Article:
90. There has therefore been a violation of Article 10 of the Convention.
II. ALLEGED VIOLATION OF ARTICLE 9 OF THE CONVENTION
91. The applicant further complained that his right to freedom of thought had been violated in that he had been ordered to endure the publication of a text declaring his statement defamatory. He alleged a violation of Article 9 of the Convention which provides:
“1. Everyone has the right to freedom of thought, conscience and religion; this right includes freedom to change his religion or belief and freedom, either alone or in community with others and in public or private, to manifest his religion or belief, in worship, teaching, practice and observance.
2. Freedom to manifest one’s religion or beliefs shall be subject only to such limitations as are prescribed by law and are necessary in a democratic society in the interests of public safety, for the protection of public order, health or morals, or for the protection of the rights and freedoms of others.”
92. The Court considers that the impugned measure constituted an interference with the applicant’s exercise of his freedom of expression, which it has examined above under Article 10 of the Convention, and that no separate issue arises in relation to Article 9 in this respect.
III. ALLEGED VIOLATION OF ARTICLE 14 OF THE CONVENTION
93. The applicant complained that he had been discriminated against on the basis of his political opinion in that the domestic courts had placed an unreasonable burden of proof on him, that they had distorted the definition of the term “fascist”, and that he had had to endure the publication of a text declaring his statement defamatory. He alleged a violation of Article 14 of the Convention which provides:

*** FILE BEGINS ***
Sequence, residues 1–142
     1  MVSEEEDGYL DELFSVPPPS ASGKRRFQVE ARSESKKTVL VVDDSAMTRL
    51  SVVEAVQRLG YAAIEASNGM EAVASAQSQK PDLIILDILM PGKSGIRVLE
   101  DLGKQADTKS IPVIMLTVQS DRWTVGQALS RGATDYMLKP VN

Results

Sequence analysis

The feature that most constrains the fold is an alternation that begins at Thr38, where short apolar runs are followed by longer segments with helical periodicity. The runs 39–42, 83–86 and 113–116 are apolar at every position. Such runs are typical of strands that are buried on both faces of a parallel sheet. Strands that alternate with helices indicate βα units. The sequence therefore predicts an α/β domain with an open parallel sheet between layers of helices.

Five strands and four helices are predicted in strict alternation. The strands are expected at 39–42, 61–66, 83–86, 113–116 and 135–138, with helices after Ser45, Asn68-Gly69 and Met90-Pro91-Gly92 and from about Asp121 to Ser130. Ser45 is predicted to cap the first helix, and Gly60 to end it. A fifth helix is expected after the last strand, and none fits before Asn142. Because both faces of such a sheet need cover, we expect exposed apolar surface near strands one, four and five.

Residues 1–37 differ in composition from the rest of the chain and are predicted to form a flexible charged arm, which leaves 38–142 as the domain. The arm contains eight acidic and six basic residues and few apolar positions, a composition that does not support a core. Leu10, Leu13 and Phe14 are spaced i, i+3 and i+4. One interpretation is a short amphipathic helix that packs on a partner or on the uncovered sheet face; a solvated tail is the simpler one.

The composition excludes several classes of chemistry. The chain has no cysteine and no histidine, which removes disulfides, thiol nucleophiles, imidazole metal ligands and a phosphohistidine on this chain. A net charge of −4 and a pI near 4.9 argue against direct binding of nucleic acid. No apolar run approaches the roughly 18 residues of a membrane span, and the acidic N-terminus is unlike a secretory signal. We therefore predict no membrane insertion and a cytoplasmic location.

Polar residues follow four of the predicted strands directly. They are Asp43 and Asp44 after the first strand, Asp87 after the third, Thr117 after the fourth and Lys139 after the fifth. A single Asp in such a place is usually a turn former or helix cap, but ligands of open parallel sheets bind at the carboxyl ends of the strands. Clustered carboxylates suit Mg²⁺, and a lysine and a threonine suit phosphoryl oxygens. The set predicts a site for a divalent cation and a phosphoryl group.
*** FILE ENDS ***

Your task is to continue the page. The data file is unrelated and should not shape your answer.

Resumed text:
“The enjoyment of the rights and freedoms set forth in [the] Convention shall be secured without discrimination on any ground such as sex, race, colour, language, religion, political or other opinion, national or social origin, association with a national minority, property, birth or other status.”
94. The Government maintained that the applicant’s complaint of discrimination was unsubstantiated.
95. The Court has examined this complaint in conjunction with Articles 9 and 10 of the Convention but finds no indication that the measure complained of can be attributed to a difference in treatment based on the applicant’s political opinion or any other relevant ground.
96. Accordingly, the Court concludes that there has been no violation of Article 14 of the Convention.
IV. APPLICATION OF ARTICLE 41 OF THE CONVENTION